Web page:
AmphibiaWeb - Pristimantis euphronides


(Translations may not be accurate.)

Pristimantis euphronides (Schwartz, 1967)
Grenada Frog
family: Strabomantidae
genus: Pristimantis
Conservation Status (definitions)
IUCN Red List Status Account Endangered (EN)
National Status None
Regional Status None
conservation needs Access Conservation Needs Assessment Report .


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Pristimantis euphronides is a moderate-sized frog for its genus. Males have been known to have a maximum snout to vent length (SVL) of 27mm while females at 39.4mm. Labial areas are typically mottled, while a brown dorsum and cream venter are also exhibited. There exists a supratympanic stripe of dark shade that runs from the corner of the eye to the armpit. The thighs of the species are characterized by an orange-brown to red color, while the upper iris is bronze.

Distribution and Habitat

Country distribution from AmphibiaWeb's database: Grenada

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This species is most commonly found in mesic forests at elevations of over 300 meters on Granada (Kaiser and Henderson 1994) . More generally, the species may be located within altitudes of 300-840m, which has been listed as its elevational range (Hedges 1999) . An account has also been described near sea level at St. George’s (Schwartz 1967) .

Life History, Abundance, Activity, and Special Behaviors
Males of species Pristimantis euphronides and Eleutherodactylus johnstonei have been documented as calling side by side in the Grand Etang forest interior by (Germano et al. 2003) . The grayish eggs of P. euphronoides may be distinguished by their large diameter, relative to those of E. johnstonei.

Trends and Threats
While Kaiser et al. (1994b) reported a drop of this species population coupled with the encroachment of Eleutherodactylus johnstonei, Germano et al. (2003) documented the lack of a significant decline upon P. euphronides by the presence of E. johnstonei in the Grand Etang Forest Reserve.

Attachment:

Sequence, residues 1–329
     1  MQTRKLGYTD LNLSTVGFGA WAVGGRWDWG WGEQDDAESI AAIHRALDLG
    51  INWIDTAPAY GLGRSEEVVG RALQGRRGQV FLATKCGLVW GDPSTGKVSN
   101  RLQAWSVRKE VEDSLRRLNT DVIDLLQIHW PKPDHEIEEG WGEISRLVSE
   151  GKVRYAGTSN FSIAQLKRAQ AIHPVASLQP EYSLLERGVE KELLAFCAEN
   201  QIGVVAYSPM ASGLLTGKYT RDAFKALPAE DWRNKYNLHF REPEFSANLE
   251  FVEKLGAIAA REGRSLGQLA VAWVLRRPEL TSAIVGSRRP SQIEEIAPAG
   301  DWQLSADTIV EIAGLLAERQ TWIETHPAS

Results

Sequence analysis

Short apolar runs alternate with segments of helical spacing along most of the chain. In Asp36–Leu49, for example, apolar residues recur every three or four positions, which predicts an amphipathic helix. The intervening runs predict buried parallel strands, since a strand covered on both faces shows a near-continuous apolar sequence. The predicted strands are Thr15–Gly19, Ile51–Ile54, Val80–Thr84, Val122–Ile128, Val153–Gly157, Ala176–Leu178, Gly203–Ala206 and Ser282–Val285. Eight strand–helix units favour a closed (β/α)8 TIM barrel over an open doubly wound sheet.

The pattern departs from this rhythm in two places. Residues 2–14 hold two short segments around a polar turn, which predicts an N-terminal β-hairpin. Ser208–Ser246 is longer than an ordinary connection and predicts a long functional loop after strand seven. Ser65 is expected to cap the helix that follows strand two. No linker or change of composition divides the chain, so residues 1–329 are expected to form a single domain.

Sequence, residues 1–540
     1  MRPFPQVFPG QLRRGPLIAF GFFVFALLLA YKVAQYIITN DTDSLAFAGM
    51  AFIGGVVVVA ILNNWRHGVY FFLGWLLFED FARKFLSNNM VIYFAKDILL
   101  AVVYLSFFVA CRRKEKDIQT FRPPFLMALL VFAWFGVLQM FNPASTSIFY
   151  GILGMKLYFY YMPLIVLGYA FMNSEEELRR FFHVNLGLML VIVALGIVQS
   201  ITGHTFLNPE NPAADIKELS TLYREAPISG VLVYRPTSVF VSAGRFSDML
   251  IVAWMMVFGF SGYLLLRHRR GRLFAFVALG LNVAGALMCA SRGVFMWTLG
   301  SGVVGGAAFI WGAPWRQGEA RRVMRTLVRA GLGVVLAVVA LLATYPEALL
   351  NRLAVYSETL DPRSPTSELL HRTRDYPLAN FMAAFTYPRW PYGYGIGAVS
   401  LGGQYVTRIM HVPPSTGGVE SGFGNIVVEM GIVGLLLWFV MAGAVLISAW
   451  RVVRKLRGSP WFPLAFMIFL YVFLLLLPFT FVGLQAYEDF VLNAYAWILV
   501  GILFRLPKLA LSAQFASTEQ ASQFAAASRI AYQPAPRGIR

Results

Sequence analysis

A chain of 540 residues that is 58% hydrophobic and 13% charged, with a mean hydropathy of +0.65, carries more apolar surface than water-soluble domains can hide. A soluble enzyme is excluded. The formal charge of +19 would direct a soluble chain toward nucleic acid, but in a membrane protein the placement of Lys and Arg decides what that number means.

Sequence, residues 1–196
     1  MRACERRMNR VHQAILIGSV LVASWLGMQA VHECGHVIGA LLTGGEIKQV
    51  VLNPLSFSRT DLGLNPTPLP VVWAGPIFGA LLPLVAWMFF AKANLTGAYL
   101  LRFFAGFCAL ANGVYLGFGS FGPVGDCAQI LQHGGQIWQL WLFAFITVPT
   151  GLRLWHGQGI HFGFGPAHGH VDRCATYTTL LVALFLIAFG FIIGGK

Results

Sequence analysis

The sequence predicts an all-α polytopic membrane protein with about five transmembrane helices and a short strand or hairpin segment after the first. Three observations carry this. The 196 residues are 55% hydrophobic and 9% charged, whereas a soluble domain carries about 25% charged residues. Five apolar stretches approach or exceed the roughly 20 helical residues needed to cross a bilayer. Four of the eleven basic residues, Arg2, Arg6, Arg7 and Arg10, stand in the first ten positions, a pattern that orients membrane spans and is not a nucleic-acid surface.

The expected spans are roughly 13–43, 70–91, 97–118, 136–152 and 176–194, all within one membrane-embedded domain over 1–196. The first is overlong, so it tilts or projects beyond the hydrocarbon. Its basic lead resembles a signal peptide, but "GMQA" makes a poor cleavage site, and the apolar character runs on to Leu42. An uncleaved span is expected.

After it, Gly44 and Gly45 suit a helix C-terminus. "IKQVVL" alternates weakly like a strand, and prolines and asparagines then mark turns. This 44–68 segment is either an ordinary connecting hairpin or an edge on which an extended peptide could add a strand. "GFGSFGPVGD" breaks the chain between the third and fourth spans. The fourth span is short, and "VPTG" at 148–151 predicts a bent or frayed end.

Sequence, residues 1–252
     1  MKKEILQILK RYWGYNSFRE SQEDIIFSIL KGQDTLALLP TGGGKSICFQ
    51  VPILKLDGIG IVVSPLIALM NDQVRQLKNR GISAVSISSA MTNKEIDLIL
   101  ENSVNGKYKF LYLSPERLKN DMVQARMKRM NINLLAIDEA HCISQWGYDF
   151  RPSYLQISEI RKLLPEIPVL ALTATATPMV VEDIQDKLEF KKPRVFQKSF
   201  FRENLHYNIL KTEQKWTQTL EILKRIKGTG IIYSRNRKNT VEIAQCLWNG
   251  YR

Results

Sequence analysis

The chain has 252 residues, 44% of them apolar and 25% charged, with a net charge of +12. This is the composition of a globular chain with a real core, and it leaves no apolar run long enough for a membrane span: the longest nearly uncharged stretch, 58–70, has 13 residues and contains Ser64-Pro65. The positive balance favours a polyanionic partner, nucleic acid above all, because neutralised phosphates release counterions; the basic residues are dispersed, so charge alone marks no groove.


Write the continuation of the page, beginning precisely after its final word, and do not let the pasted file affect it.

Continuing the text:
The 2n = 32 chromosome complement is of a ZW/ZZ sex determination and displays an unusually large heterochromatic W chromosome. The findings of Schmid et al. (2002) classified the species as possessing one of the smallest genomes coupled with one of the largest W chromosomes among all amphibians.


Germano, J. M., Sander, J. M., Henderson, R. W., and Powell, R. Powell. (2003). ''Herpetofaunal communites in Grenada: A comparison of variously altered sites and an annotated checklist of Grenadian amphibians and reptiles.'' Caribbean Journal of Science, 39(1), 68-76.

Hedges, S.B. (1999). ''Distribution patterns of amphibians in the West Indies.'' Regional Patterns of Amphibian Distribution: A Global Perspective. W. E., Duellman, eds., Johns Hopkins University Press, Baltimore, 211-254.

Kaiser, H. and Henderson, R.W. (1994). ''The conservation status of lesser Antillean frogs.'' Herpetological Natural History, 2(2), 41-56.

Schmid, M., Feichtinger, W., Steinlein, C., Rupprecht, A., Haff, T., and Kaiser, H. (2002). ''Chromosomal banding in Amphibia. XXIII. Giant W sex chromosomes and extremely small genomes in Eleutherodactylus euphronides and Eleutherodactylus shrevei.'' Cytogenetic and Genome Research, 97(1-2), 81-94.

Schwartz, A. (1967). Frogs of the genus Eleutherodactylus in the Lesser Antilles. Natuurwetenschappelijke studiekring voor Suriname en de Nederlandse Antillen, Amsterdam.

Originally submitted by: Kevin Gin (first posted 2003-09-24)
Edited by: Kellie Whittaker (2007-12-01)

Species Account Citation: AmphibiaWeb 2007 Pristimantis euphronides: Grenada Frog <> University of California, Berkeley, CA, USA. Accessed Jul 23, 2024.

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Citation: AmphibiaWeb. 2024. <> University of California, Berkeley, CA, USA. Accessed 23 Jul 2024.

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